On the bright side, it's giving me a chance to catch up on blogging other stuff. Starting with new things regarding the celestial alphabet. Still haven't written it yet, but I realized today that I needed three extra letters. Well, didn't need, so much as, thought would be convenient. We can get by with a lot less letters than you'd think, but sometimes we have so many words that work a certain way it's handy to have an extra letter that covers it.
It can also be helpful for obscure, but existing, rules. For instance, one of the new letters I realized I could use was 'ph'. I sounded it out to confirm. People would generally assume it's redundant with 'f', but it's actually not; it has a unique sound, between a p and an f. Now, many words using ph are in fact meant to be pronounced as if it were an f, but not all of them are; some of them do in fact have that unique sound, thus, the need for it.
On a similar subject of redundancy, people generally think that we could get rid of 'c'. Well, soft-c, sure, but hard-c? There's a small, virtually undetectable, but EXISTING, difference between two ways to say 'k'. (One more a 'kih' and one more a 'kuh'.) Now, mind you...there may be more ways than that for the k to actually end. It is also something that may exist with other letters. But it is very PROMINENT in k; I ran through many k-words (or words that could be k-words) and checked it out. Some work with both, but some have one fit much better than the other.
And while we're on the subject of k...well, X has many things it can be pronounced at, most of which are thought to be redundant with other letters. This is, technically, true, but I realized that the English language has SO many words that end in 'ks' that it'd be convenient just to use another single letter rather than two: x. (This is similar to how 'q' is technically 'kw', but is still very common.)
So instead of having a nice even 12/24 vowels and 24/48 consonants for a balanced 72, it's the same vowels with 27 consonants, meaning 78 total...plus punctuation, which I've developed three symbols for. Then, we get letters, ten of them, which I want both upper and lowercase of, so we jump from 81 to 101.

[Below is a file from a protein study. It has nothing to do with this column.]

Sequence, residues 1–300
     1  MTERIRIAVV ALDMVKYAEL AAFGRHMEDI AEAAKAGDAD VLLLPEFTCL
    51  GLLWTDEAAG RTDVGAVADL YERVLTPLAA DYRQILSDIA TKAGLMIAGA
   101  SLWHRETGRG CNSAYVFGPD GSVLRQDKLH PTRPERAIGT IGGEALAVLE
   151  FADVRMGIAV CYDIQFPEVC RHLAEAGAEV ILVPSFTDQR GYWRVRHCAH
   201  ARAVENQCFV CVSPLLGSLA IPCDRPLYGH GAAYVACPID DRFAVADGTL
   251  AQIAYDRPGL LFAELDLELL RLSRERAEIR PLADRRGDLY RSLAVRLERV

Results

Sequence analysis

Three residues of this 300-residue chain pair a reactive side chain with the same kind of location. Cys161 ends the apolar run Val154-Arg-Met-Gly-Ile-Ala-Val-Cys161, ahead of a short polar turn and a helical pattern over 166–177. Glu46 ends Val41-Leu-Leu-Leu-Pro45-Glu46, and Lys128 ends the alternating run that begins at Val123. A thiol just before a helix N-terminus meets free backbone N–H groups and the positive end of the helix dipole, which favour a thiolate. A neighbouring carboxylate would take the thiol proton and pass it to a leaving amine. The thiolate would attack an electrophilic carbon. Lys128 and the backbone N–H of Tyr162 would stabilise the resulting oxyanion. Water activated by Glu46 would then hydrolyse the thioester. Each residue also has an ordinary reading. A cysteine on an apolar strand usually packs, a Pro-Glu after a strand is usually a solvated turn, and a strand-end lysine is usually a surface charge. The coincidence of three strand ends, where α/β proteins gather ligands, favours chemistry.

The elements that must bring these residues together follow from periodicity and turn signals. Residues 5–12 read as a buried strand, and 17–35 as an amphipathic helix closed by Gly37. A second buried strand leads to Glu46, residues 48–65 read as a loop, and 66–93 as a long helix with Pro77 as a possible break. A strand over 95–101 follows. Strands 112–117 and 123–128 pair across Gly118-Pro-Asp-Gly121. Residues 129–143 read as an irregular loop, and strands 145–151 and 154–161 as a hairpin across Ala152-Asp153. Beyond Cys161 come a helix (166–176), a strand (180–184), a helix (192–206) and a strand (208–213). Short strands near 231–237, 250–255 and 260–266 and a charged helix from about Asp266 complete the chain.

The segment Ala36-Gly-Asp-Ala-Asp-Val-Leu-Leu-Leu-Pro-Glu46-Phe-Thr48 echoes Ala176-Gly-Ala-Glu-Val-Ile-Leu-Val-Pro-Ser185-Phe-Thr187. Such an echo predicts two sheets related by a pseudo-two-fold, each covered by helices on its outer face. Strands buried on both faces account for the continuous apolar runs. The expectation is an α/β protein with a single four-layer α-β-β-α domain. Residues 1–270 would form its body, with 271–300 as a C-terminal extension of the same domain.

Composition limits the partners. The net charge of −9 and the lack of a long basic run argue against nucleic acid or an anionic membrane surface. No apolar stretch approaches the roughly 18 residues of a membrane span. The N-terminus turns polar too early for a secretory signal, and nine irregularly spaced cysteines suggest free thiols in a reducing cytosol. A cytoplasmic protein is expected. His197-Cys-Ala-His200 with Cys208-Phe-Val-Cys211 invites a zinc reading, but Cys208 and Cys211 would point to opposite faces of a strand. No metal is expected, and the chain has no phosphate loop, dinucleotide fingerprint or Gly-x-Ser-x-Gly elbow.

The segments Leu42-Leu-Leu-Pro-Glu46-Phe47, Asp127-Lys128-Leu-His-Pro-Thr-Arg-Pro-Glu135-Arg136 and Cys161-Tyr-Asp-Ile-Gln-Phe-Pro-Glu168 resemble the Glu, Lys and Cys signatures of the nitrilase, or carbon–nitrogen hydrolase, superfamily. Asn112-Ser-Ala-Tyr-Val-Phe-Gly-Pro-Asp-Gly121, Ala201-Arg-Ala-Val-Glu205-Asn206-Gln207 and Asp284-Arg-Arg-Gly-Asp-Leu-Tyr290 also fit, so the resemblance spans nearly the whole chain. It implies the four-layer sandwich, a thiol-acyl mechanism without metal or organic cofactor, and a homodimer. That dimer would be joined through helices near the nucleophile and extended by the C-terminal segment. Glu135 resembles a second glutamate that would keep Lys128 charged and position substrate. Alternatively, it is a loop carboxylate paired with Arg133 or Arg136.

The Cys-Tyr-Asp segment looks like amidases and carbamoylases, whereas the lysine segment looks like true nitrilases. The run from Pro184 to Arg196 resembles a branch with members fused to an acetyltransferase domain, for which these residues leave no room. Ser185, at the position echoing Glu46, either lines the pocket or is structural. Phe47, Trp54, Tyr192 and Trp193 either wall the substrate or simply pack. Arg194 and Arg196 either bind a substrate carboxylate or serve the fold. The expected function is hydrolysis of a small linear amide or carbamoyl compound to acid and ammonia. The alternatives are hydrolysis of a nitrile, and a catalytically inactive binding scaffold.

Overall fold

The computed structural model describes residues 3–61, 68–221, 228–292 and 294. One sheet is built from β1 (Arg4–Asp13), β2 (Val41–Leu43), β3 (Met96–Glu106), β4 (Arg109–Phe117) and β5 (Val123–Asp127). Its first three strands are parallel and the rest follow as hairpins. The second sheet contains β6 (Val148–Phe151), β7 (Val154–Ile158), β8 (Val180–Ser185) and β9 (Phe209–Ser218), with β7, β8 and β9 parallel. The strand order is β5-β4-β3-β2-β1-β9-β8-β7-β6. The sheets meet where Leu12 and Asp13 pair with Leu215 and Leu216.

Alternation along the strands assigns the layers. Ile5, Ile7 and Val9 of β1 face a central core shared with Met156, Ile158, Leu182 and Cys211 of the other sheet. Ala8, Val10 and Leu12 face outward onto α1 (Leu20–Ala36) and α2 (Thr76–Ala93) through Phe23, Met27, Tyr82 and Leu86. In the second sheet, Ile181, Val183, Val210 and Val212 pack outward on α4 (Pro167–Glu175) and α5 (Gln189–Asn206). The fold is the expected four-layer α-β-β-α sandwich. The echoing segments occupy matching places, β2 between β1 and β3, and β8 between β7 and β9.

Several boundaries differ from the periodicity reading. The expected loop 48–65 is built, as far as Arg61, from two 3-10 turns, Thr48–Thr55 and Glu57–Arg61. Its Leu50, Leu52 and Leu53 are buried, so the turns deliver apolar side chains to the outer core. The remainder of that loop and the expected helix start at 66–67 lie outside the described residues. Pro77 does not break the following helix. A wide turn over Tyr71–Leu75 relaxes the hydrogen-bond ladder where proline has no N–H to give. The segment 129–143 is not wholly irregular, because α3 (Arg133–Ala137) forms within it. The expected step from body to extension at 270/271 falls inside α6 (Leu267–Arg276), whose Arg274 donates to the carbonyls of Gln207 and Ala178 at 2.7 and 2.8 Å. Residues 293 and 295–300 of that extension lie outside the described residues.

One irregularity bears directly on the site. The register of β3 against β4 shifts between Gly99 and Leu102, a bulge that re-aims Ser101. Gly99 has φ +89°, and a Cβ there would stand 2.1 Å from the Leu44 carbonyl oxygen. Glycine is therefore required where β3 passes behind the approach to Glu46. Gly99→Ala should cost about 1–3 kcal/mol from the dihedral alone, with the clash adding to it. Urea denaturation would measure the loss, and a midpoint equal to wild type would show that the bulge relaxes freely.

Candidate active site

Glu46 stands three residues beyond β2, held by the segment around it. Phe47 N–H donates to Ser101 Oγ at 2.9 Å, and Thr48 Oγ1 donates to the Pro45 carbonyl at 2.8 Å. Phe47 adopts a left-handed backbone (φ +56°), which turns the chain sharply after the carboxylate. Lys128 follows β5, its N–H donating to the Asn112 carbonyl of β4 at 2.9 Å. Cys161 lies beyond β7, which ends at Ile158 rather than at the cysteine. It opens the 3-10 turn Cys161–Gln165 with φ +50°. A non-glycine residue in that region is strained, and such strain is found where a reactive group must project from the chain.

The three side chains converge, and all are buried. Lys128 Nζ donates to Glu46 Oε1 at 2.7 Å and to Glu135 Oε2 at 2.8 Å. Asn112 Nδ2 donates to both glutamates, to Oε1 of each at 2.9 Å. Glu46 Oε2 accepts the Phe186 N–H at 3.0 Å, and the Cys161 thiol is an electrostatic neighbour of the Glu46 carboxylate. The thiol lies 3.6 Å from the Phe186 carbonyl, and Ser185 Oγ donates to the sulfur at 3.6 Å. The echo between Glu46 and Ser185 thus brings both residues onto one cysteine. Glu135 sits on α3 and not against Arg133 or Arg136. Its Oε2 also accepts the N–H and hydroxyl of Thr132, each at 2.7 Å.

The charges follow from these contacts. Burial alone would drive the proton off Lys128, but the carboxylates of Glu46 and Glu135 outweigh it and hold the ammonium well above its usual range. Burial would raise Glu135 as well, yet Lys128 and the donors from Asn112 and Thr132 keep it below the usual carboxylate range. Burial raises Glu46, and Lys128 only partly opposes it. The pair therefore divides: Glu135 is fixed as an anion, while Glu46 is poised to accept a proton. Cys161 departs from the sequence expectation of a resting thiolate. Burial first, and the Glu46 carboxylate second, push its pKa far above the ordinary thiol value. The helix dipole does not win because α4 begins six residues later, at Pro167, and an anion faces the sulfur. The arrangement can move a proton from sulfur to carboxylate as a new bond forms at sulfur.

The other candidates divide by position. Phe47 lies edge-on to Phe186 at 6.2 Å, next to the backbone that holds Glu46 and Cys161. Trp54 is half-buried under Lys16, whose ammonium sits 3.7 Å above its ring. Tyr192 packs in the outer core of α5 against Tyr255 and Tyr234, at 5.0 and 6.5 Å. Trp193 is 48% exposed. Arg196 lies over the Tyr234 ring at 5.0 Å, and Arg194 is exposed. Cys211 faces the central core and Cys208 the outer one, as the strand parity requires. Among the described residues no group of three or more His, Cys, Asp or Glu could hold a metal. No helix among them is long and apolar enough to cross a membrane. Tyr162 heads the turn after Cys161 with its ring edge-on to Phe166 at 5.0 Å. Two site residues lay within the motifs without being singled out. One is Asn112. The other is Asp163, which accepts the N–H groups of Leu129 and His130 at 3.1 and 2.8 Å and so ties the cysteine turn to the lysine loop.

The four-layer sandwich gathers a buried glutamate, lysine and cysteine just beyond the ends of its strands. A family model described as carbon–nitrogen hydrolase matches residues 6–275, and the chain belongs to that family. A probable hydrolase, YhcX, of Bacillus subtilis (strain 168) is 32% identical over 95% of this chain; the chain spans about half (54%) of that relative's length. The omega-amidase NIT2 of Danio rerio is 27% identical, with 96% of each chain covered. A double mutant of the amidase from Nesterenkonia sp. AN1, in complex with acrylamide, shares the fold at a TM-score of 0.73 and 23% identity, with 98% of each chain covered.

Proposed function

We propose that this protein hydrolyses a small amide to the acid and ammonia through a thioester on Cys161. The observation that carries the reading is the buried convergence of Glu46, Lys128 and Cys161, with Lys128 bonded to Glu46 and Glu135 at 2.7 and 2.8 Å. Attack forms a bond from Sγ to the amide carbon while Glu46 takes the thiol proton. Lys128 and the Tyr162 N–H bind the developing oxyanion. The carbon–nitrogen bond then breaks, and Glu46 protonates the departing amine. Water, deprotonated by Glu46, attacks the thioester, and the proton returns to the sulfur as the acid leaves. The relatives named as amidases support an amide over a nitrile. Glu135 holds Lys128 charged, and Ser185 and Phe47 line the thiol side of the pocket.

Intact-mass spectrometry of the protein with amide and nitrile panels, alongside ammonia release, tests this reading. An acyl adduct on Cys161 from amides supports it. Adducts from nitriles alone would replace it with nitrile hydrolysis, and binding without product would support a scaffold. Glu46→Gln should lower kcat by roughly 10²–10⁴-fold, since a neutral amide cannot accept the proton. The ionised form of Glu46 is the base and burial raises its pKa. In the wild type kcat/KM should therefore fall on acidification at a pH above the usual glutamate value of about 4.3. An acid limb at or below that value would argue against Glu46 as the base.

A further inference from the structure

101 symbols to draw out, get consistent, and memorize. It might seem like a lot, but hey. On your average laptop keyboard, between shift-keys and normal-keys, there are 92 unique characters, not including 'enter', 'backspace', 'shift', 'control', 'alt' 'fn', or the windows symbol, also discarding all the F1-12 combos, insert, print screen, delete, home, page up, page down, end, and arrow keys, not to mention the escape key. We memorize these without even thinking about how, to a new person, this many things to learn all at once would be intimidating.
If you don't believe me, feel free to count it out yourself, keeping in mind each letter of the alphabet counts for two, and that we have a LOT more punctuation, symbols, and such, which all hold multiple meanings at that. (! can be 'bang', 'not', 'exclamation mark', and many more, to name just one.)
Anyway, I also owe you all a bit on Deadpool. I read that, after it was made, a wave of R-rated superhero movies are being considered to be made, and that made me heavily sigh. Because, frankly, I think that they're missing the point. It's not, "Deadpool was a superhero movie rated R that broke records, therefore, make more R-rated superhero films"; the point was Deadpool was made very, very cleverly, with much love, very true to the source material, captivating audiences around the world with its clever, relatable commentary...which just so happened to, coincidentally, be rated R.
I feel like it's going to be the superhero equivalent of Avatar. Hollywood has, apparently, figured out by now that, contrary to their assumption, Avatar's success was NOT because it was in 3D. In that case, Avatar was a visually-stunning movie which fully utilized the third dimension, but it was still a visual masterpiece, with the 3D aspect being well-incorporated with love and care. Basically every 3D movie since then just had the 3D tacked on as an afterthought, and lo and behold, nobody cared.
Same basic deal here. Deadpool was good because it was GOOD, not because it was the first to do something (R-rated superhero film). So trying to imitate Deadpool will...create something that is just that, an imitation, which will maybe make back the budget for the film but will just increase audience apathy towards superheroes.
I absolutely DARE Hollywood to prove me wrong. I absolutely dare them to sit back, carefully construct a good film with love and care, and if it happens to be R-rated superheroes, then it's R-rated superheroes. I dare them to make it so that films following in Deadpool's footsteps aren't more of the same, but rather, introduce new material that captivates audiences. I dare them to stay daring.
...But of course, I already know the answer there. Even if for some ungodly reason someone from Hollywood were to read a ridiculously obscure blog like mine, fat chance they'd actually listen.
I do think I speak for moviegoers everywhere though.